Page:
Every sixteenth of an inch makes a difference. Ferraresi told us designing a motorcycle is like designing a car interior because there are a lot of details “that have to play together like an orchestra.” And, damn, it sounds wonderful when it comes together.

Projects sometimes stay at the Photoshop stage for three months. It’s important to set the height of the seat and the handlebars, among other parameters, before moving on. When needed, Ducati puts two designs in a virtual reality room located in its design studio to get a better idea of which one looks best.

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Only one design makes the transition from a digital CAD file to a clay model. Company CEO Claudio Domenicali (no relation to Lamborghini CEO Stefano Domenicali) helps select the finalist. The winning designer continues working on the bike, while the designers whose work isn’t selected start another project.

20 years ago, Ducati designers started with a solid block of clay (a material which costs as much as meat, according to Ferraresi) and sculpted it into a bike for days on end. In 2019, they feed the CAD data to a milling machine which works on its own to create what’s best described as a rough draft. This practice is common on the automotive side of design, too. Sculptors then smooth out the rough edges by hand, and make tweaks when necessary. Seeing a clay model of the bike can reveal a part that’s too sharp, for example, or a seat that’s a few sixteenths of an inch too tall.

Ducati uses Point Cloud software to create the motorcycle equivalent of system restore points on a PC. Thousands of tiny, black dots positioned all over the clay model are recorded by a scanner to create a digital 3D image of the motorcycle. The prototype – a work in progress – is scanned weekly, so designers can go back in time if they make a modification that they decide they don’t like.

3D-printing sometimes enters the design process. It’s notably used to test how an engine fits into a chassis. As of 2019, Ducati 3D-prints parts for prototypes, and for some of its race bikes, but it doesn’t send 3D-printed parts to its assembly line because the technology isn’t suitable for volume production yet.

Ducati uses Point Cloud software to create the motorcycle equivalent of system restore points on a PC.

Point Cloud technology also helps designers turn the final clay model into a 3D digital model used to build the first prototypes. By this point in the process, key aspects of the bike – including its technical specifications, its shape, and its dimensions – are frozen, so changes are costly and time-consuming.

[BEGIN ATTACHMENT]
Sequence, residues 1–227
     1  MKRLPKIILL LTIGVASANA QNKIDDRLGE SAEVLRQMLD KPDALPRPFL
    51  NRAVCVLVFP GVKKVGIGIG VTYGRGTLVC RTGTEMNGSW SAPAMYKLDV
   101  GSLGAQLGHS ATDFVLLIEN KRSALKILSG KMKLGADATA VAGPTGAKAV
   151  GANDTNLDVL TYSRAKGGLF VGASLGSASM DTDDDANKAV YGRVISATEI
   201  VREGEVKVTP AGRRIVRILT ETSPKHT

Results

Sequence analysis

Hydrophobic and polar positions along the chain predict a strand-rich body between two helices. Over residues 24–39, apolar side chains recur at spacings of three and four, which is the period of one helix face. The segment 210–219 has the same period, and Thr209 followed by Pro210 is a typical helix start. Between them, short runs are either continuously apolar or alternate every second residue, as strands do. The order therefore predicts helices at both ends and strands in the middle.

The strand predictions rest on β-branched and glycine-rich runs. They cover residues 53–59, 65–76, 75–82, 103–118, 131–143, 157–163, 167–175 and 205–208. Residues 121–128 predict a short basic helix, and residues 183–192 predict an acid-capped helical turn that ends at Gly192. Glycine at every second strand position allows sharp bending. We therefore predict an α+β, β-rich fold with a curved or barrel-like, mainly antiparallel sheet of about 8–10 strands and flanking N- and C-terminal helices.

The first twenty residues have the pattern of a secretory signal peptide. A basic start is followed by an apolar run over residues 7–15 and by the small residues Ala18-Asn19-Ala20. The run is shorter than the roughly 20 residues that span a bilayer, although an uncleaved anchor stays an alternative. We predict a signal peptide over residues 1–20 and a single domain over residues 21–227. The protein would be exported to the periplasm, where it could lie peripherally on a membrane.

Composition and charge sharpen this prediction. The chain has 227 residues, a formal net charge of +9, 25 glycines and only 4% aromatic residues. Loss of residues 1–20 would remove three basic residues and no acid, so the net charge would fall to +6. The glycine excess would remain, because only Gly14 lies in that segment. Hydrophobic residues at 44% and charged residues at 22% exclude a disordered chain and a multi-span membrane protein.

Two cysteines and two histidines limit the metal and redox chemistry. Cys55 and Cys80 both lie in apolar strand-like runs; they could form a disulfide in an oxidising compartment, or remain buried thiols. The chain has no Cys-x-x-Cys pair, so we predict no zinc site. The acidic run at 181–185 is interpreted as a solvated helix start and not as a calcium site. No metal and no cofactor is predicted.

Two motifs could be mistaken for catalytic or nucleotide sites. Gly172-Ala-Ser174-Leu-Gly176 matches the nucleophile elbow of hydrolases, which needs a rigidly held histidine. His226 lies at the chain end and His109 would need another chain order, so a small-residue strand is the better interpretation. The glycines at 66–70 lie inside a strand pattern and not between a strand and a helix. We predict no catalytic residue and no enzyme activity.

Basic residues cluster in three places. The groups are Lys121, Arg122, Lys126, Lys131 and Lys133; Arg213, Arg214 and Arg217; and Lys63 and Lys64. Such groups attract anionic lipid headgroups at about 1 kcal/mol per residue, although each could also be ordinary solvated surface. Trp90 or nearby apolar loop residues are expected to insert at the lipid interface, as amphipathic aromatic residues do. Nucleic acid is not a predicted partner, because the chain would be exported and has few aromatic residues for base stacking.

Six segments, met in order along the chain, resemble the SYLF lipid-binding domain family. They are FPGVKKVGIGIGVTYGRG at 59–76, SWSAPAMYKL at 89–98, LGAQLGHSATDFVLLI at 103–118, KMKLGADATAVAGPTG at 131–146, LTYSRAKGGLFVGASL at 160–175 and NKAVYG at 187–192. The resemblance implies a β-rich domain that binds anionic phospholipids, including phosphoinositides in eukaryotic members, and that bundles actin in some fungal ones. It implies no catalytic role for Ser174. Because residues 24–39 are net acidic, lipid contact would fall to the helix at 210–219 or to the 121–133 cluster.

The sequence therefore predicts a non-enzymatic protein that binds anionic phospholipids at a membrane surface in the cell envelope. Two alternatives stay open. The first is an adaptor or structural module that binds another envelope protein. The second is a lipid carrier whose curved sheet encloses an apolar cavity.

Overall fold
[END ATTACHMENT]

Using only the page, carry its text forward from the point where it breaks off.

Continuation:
While one team builds prototypes, another uses the 3D scan to put together a color palette for the paint and the upholstery, and to design the bike’s emblems. This is the last leap before the start of series production, and it’s one of the most stressful parts of the whole process. “The important part is to not lose control of the design from clay to production,” Ferraresi affirmed.

The bike is then put through its paces on road and track before it receives the green light for production. Seeing it on the road for the first time is one of the highlights of a designer’s career. “It reminds us we are not creating stress or meetings, but motorcycles,” explained Giovanni Antonacci, the man responsible for the Diavel 1260.

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Future-proofing Ducati

Ferraresi played a key role in creating this process; for example, he tirelessly pushed the design and engineering departments to work together. He’s satisfied with what he has created, but he is already looking ahead to the challenges that await him and his team in the coming years.

Ducati is developing its first all-electric model, which will likely compete in the same space as the Harley-Davidson Livewire. He told Digital Trends that “electrification will change bike design more than it will change car design” because an electric motorcycle doesn’t need a fuel tank or an exhaust. Ducati is also working with Bosch to bring electronic driving aids like adaptive cruise control to the world of motorcycles, so Ferraresi is simultaneously seeking ways to integrate sensors into his designs.

“It will be a problem,” admitted Ferraresi. “It’s not so easy, but you have to face it.”